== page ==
In conclusion, I’ve enjoyed this round of Retrochallenge, and have learned a significant amount about the Atari 8-bits through use of the Altirra emulator. I never had an Atari ( I Timex Sinclair 1000, Vic 20, Apple II and PC 286 in my formative years), but I certainly would love to see STATS run on actual hardware at some point. While I was successful in implementing statistics programming, there are many improvements that could be made to the algorithms I created that would either speed up processing, or reduce disk space. The methods I used to create and read/write to the table for CDF could absolutely be replicated for T-tables and F-tables for hypothesis testing and calculation of confidence intervals of means, medians etc. While I just scratched the surface or graphics programming, it’s clear that run charts, box, dot, individual value plots, control charts could all be implemented.

So It’s been a successful run and if I continue to make additional enhancements to STATS for Atari I will continue to post here.

]]>

See the self running demo on youtube : http://youtu.be/p0bu5M6qt_E

On the main menu the two new options have been added, [C] for change colors and [R] to read data from file.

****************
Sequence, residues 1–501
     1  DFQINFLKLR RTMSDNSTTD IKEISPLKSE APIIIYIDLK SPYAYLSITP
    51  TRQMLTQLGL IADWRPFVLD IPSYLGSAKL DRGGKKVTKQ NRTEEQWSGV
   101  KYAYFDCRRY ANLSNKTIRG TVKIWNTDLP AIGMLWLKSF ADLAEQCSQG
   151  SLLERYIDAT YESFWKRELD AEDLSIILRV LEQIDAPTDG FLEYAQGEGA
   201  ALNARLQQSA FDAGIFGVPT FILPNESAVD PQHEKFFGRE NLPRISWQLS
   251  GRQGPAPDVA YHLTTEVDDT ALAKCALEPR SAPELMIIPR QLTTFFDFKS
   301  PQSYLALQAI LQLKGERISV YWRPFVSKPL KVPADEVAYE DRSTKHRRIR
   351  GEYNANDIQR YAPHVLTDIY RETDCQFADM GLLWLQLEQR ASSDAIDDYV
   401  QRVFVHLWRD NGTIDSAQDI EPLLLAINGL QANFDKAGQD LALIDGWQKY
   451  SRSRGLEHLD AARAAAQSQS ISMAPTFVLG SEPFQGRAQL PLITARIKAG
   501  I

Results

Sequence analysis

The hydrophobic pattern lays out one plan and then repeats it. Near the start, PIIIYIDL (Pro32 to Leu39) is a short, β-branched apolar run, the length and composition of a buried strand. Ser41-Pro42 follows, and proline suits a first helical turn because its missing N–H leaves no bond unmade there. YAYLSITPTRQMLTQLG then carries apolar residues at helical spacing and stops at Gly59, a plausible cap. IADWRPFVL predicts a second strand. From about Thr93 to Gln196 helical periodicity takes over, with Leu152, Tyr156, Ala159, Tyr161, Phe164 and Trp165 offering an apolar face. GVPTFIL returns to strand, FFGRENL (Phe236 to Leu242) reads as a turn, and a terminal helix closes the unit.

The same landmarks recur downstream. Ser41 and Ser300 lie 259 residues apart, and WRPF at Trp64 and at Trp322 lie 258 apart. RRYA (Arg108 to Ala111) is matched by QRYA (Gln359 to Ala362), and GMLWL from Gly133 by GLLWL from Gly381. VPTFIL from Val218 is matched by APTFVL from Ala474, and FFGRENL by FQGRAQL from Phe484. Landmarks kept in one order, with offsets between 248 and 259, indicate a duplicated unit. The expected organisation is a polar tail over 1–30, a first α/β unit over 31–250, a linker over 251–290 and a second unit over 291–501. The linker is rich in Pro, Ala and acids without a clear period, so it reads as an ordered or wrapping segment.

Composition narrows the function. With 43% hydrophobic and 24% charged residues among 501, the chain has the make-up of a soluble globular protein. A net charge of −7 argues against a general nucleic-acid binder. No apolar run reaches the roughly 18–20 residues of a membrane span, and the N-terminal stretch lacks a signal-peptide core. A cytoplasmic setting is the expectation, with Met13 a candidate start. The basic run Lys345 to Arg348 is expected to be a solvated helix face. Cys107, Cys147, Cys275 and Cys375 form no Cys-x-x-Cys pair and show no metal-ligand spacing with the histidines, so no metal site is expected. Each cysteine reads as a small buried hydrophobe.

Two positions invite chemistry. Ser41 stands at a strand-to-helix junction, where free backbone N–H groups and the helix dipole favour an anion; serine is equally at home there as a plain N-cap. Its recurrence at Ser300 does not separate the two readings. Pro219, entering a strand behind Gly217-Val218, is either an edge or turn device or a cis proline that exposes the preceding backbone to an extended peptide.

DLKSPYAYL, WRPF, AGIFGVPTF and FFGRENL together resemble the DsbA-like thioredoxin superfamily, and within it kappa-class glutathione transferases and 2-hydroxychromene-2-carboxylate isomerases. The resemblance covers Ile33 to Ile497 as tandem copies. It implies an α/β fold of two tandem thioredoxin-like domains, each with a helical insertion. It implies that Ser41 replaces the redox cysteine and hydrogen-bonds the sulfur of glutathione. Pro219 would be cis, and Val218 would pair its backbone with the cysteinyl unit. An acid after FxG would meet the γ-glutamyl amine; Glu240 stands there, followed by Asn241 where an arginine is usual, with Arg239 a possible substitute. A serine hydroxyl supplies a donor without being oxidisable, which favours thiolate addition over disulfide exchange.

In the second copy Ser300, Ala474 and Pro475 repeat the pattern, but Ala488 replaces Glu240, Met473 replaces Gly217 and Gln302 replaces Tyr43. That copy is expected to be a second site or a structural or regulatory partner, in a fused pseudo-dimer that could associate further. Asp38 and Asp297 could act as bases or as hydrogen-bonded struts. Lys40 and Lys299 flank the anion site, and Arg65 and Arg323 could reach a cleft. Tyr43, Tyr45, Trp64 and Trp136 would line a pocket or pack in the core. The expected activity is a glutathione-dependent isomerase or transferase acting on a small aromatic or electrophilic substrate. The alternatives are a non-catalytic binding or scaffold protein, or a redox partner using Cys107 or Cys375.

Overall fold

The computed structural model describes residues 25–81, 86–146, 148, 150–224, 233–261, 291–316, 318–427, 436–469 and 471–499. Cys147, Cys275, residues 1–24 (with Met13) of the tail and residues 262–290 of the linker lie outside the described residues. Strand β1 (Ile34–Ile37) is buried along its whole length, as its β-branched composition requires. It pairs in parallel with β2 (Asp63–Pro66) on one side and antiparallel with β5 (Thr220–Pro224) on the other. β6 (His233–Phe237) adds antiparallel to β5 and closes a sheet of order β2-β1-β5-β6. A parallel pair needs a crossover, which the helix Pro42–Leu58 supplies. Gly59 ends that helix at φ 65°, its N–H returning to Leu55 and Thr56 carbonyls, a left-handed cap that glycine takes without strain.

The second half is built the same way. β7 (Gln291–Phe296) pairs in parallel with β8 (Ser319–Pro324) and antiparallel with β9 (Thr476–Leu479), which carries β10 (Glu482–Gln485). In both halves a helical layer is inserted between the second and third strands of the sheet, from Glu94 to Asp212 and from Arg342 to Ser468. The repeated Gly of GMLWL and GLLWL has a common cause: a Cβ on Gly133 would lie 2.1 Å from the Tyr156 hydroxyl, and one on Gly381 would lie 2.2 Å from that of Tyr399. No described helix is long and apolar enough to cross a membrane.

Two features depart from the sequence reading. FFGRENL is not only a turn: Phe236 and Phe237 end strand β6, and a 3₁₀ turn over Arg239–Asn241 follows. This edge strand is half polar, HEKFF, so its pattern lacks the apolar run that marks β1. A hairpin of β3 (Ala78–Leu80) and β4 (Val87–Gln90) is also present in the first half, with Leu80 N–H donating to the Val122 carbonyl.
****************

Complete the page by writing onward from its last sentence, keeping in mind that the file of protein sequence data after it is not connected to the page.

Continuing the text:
Starting with the read files selection, when R and <enter> are selected the user is prompted for a file name and into which data set should the data be loaded.

When STATS is run from the distribution disk on drive 1, the default drive for the data file is drive one, as shown above. The file name can also be given with the drive designation as well. If the system has multiple drives and the data file is on drive 2 then “D2:WTDATA.TXT” could be entered. Kyan Pascal allows for drives 1 and 2. This is useful because while there is some room on the program disk, having drive 2 available allows for endless number of data files.

The format of a data file is simply one number per line with a final carriage return after the final entry. Here is the last 20 or so entries in the WTDATA.TXT file.

As the data loads, the program shows a counter of the number of data points read and stored, and pauses after loading request a [C] to be entered to continue. Up to 4 data sets can be loaded.

Once loaded then the dataset can be used for other functions in the program, below the descriptive statistics for the WTDATA.TXT data is shown.